Wednesday, March 6, 2013

MOLST, and more

Julie Bushey provided a comprehensive history at last week’s chapter meeting on the development of the new Massachusetts Medical Orders for Life-Sustaining Treatment (MOLST) form. Julie is chairperson of the palliative care committee at her hospital, and described how she is co-directing their plans to adopt MOLST by mid-April.

Julie noted MOLST is based on the ‘POLST paradigm.’ POLST is the acronym for Physician/Provider Orders for Life-Sustaining Treatment, which attempts to help patients more fully articulate their end of life wishes beyond the simple ‘do not resuscitate’ order clinicians are currently  familiar with.

MOLST enhances the two basic choices patients currently have regarding goals of care - the DNR (do not resuscitate with cardiopulmonary resuscitation and/or intubation/artificial ventilation), by providing the opportunity to indicate their wishes regarding additional options: intubation and artificial ventilation for a limited time; noninvasive ventilation assistance, such as with C-PAP; hemodialysis; artificial nutrition and hydration; and transfer to a hospital. There is also space for other measures not directly addressed on the form, such as antibiotic therapy.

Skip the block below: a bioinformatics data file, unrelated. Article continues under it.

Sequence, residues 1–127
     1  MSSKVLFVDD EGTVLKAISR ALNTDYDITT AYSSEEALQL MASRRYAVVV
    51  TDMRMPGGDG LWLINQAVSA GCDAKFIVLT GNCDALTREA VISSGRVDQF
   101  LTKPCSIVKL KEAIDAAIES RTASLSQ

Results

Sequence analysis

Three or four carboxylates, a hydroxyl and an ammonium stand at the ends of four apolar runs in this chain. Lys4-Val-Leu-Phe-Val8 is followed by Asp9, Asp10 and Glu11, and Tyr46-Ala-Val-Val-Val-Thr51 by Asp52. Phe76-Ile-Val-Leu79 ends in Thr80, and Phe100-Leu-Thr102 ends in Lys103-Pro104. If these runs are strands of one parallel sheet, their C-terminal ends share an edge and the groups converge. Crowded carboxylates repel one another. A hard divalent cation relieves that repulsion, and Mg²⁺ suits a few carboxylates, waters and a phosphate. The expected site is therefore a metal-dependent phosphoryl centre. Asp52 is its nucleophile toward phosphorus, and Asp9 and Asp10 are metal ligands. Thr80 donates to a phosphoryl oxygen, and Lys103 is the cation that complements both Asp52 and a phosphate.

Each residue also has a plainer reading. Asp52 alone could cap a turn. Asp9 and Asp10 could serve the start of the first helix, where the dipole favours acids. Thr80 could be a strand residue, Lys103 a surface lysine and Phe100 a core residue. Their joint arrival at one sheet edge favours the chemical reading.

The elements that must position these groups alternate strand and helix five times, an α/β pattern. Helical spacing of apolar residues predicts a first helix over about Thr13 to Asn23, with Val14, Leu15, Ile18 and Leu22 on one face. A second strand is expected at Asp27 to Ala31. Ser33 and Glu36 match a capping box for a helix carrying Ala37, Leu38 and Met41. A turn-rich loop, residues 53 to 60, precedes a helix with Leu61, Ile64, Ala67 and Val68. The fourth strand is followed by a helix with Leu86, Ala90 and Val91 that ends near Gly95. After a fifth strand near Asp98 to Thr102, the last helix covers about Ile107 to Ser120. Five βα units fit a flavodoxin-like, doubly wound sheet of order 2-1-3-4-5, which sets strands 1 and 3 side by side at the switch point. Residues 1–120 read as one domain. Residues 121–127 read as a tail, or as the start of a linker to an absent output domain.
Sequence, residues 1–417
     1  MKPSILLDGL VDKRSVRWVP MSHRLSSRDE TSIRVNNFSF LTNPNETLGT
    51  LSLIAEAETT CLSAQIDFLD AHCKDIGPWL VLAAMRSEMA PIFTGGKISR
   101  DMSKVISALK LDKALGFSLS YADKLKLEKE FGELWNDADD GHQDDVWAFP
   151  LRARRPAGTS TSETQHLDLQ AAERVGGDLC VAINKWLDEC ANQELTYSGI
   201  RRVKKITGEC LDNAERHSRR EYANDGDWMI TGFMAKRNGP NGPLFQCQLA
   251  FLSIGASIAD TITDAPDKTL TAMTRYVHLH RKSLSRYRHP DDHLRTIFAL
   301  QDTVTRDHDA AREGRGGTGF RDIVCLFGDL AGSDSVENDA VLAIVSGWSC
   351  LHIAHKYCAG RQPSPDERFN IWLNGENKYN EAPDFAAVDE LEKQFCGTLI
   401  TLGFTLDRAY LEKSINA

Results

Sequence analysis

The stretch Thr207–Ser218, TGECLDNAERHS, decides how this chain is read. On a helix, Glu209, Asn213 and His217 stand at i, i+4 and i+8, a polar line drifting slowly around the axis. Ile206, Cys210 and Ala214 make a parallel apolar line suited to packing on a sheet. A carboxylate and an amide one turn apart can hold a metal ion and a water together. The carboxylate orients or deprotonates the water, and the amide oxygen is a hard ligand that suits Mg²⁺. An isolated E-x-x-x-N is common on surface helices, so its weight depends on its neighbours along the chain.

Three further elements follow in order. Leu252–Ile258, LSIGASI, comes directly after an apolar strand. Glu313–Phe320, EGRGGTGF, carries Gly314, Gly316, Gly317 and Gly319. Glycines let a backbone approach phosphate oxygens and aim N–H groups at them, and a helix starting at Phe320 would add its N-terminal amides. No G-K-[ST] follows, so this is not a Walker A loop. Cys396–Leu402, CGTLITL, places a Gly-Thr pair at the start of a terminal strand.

MOLST is intended for patients facing potentially life-limiting events, such as a diagnosis of advanced cancer, progressive disease, trauma, or other acute event. In completing the form, the patient and clinician affirm they have discussed goals of care.

I found Julie’s presentation, and the discussion it generated, useful. But at the same time, the experience emphasized how even this latest attempt to encourage honest discussion between patient, family, and clinicians still falls far short of the ideal. It seems to me the greatest risk with MOLST and the tools which preceded it, is that the discussion often lacks meaningful context.

In other words, we can help patients and families fill out a form, but that’s not nearly enough. We risk ending up with a simple shopping list, when we really need to understand much more.

I think our patients and families are much better served if we also consider, internalize, and use a simple set of 4 questions developed by Susan Block to guide our initial and ongoing conversations about goals for care at end of life:

1. What do you know about your prognosis?
2. What are your fears?
3. How do you want to spend your time?
4. How much suffering would you be willing to endure, if it offered the possibility of more time?

The actual wording of each of these questions will vary, depending on who it is we’re talking to, and where they are in the overall process of achieving a peaceful acceptance of death. But we can keep the questions as written in mind, as we develop our skills in guiding conversations about goals of care at end of life.

Put another way - if you understand your patients and families based on their answers to Susan’s 4 simple questions, you’ll have much more than a signed form to guide the care they really want and need.

Here’s Atul Gawande speaking to Susan’s questions at the 2010 New Yorker Festival:

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